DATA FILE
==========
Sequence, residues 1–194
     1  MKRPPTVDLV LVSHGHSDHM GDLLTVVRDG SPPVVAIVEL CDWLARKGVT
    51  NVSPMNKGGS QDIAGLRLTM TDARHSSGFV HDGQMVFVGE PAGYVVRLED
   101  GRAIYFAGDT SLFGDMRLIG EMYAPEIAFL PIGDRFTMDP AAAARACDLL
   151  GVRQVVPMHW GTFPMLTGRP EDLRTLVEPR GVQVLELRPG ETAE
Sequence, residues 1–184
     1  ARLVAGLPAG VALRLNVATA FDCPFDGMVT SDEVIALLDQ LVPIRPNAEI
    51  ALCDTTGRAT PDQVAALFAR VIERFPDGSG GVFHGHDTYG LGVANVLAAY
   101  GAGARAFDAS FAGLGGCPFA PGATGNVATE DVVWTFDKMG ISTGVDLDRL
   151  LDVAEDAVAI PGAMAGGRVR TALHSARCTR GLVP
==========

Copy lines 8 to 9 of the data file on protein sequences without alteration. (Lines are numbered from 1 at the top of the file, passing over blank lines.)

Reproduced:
    51  ALCDTTGRAT PDQVAALFAR VIERFPDGSG GVFHGHDTYG LGVANVLAAY
   101  GAGARAFDAS FAGLGGCPFA PGATGNVATE DVVWTFDKMG ISTGVDLDRL